By the time I hit Kerala I was more than ready for it: with Rajasthan’s dusty forts a distant memory I was ready to hit up something a little more tropical. That’s the incredible thing about Kerala: after a short and breezy (read: forty hour and mosquito-infested) coastal train down from the north, you find yourself in paradise. Of course, to the rational mind that doesn’t doubt the existence of continental drift, this shouldn’t really come as much of a shock. But I was still in awe of the abundant African-esque flora and fauna at my disposal.

After adjusting to communist Kerala for a few days we opted to take a local bus through the windy Western Ghats to Thekkady, an untainted town with lots of things on offer. For some reason Thekkady seems to evade some people’s schedules, but I’d list it as one of my favourite Keralan destinations. For this leg of the trip I’d arranged a home stay with the lovely Cyriac and Dolly at Pepper County ( – be warned that hostels can be really hit or miss, so if visiting be sure to have a look at the thriving home stay scene.

The home stay was lovely: Pepper County comes equipped with beautiful bedrooms, views of the surrounding countryside and a commercial farm that Cyriac will gladly show you around. Here I really felt at home as Dolly served up the best Keralan cuisine I had the pleasure of eating: egg curry, sweet cardamom pancakes and frosty beer. Cyriac is a brilliant host, and took me up to some viewpoints before letting me head out in search of tigers.

Head to Thekkady and get lost in the undergrowth

Thekkady sits alongside the Periyar Tiger Reserve, making the 5 o’clock start for the full day safari that little less tragic. I only spent a few days ambling through this gorgeous national park but could have easily spent more – unfortunately, the tigers are elusive at the best of times, with some workers only catching a glimpse of a dozen or so in a decade’s work. Regardless, the various trek routes and abundance of other animals make it worthwhile. In just a few hours I managed to tick off just about everything but the tiger, including elephants, bison and vibrant birds. All of this hard work was concluded with a relaxing bamboo raft across the park’s tranquil lake.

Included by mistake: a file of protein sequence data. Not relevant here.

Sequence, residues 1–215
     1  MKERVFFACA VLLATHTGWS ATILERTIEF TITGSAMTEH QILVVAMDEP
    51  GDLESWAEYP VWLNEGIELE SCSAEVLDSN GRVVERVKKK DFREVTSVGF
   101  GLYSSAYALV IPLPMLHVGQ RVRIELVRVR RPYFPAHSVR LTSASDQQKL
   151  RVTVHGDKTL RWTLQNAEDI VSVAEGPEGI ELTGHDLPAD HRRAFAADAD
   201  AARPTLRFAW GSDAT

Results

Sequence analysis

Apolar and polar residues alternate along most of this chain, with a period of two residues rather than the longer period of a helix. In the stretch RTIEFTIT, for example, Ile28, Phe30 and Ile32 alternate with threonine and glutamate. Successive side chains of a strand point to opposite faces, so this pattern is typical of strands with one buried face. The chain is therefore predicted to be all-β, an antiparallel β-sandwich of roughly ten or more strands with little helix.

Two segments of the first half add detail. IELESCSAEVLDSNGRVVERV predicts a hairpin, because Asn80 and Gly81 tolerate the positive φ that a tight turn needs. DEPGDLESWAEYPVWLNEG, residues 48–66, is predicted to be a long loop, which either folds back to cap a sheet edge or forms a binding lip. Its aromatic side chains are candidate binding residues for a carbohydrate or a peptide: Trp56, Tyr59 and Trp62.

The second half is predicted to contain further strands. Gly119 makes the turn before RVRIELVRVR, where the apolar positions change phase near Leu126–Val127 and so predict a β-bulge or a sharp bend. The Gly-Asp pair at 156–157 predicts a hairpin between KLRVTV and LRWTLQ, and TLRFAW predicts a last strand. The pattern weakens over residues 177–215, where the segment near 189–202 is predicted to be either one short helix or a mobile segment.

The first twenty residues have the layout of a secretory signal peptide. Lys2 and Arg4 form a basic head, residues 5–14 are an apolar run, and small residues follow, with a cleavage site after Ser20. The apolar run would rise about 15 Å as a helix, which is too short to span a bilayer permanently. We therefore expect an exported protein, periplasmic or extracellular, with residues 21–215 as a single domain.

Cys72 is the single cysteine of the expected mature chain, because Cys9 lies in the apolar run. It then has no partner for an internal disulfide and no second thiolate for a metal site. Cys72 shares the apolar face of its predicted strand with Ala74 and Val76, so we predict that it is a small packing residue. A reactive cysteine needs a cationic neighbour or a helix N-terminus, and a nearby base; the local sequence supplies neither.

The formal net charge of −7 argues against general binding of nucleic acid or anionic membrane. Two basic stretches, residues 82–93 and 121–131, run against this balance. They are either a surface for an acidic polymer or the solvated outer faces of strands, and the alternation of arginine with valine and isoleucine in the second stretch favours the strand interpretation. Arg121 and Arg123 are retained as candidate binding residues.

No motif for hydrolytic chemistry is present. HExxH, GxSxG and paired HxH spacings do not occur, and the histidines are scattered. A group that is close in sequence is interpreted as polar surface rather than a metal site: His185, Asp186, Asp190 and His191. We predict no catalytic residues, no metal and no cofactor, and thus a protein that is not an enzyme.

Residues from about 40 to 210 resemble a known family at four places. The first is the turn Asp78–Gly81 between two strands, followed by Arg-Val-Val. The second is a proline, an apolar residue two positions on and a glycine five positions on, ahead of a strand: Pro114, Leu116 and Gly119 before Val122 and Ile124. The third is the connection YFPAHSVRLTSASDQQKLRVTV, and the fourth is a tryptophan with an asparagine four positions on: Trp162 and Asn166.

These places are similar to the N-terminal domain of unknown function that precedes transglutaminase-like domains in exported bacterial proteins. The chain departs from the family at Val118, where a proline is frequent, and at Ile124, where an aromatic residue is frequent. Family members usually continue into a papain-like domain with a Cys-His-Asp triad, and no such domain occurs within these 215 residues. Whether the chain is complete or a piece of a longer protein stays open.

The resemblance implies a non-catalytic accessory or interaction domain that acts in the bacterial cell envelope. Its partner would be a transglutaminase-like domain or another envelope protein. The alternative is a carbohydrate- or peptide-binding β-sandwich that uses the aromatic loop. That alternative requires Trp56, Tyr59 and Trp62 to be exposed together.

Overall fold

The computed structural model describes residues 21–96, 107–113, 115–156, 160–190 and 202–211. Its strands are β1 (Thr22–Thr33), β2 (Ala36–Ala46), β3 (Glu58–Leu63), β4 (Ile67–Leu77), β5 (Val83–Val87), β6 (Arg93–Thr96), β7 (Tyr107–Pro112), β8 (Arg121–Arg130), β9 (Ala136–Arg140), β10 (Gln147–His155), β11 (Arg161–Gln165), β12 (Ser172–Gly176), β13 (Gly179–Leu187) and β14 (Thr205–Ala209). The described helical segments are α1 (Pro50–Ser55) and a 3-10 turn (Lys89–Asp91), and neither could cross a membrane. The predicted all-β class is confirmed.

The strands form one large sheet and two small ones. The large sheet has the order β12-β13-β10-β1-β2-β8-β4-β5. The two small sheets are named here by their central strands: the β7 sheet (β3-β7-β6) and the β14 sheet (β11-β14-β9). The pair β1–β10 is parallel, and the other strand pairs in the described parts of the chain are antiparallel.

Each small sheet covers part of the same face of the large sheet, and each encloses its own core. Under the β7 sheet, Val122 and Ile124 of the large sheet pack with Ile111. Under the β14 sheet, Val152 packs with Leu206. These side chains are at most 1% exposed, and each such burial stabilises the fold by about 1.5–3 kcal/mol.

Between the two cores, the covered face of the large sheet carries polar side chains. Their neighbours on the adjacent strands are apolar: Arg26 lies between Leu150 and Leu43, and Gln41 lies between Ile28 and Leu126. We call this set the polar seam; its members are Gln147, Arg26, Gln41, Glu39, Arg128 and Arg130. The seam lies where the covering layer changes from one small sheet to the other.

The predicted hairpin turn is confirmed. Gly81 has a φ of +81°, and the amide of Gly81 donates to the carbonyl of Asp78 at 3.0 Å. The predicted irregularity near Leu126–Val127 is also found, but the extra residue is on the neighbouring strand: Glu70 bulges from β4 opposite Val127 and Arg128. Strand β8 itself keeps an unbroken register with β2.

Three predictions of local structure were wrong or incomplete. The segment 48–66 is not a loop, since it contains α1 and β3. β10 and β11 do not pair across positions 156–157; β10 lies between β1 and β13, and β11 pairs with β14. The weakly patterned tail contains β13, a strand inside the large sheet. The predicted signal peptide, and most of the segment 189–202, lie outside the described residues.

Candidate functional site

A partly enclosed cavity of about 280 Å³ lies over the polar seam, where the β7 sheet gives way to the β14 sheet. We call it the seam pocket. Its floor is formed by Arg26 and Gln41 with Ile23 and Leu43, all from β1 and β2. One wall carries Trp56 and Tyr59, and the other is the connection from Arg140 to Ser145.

Thanks to tips from Cyriac I managed to avoid a lot of the tourist traps in the town: every taxi driver and hostel owner seems to know about an ‘elephant sanctuary’ in the town, but usually these amount to nothing. Cyriac arranged for me to visit a proper elephant training camp, where I was able to help care for the elephants and see how the villagers incorporate them into village life. With just a few simple commands, the elephants are trained to help in various construction processes by moving heavy materials. In this camp you can tell that the elephants are well looked after: they have a beautiful home, respectful owners and a more-than-ample food supply. Giving the elephants a coconut scrub after a rough day at the office is a must for visitors to Thekkady.

Having been tempted by Dolly’s artisan Keralan culinary skills, I spent my last night in town attempting to replicate some of the results. I spent far too much time in India in cooking classes but could have easily kept going: in spite of the results being sub-par the feast is always a delight. Plus it’s a great place to hook up with other backpackers on a similar circuit. Thekkady was a great place to dabble with Keralan cuisine, what with all of the necessary ingredients literally being taken from the garden outside the family home.

In short, don’t bypass Thekkady if you’re in the area (and indeed, go out of your way to be in the area): it’s sure to be a high point of your trip. The locals are humble, the nature serene, and the sights, sounds and smells as alluring as ever. When you’re bored of temples and forts, head to Thekkady and get lost in the undergrowth.

Planning a trip to Kerala?

Kerala Holidays were awarded as India’s Best In-Bound Tour Operator 2011, and offer tailor-made tour packages for groups of all sizes. Visit the website and check out some testimonials.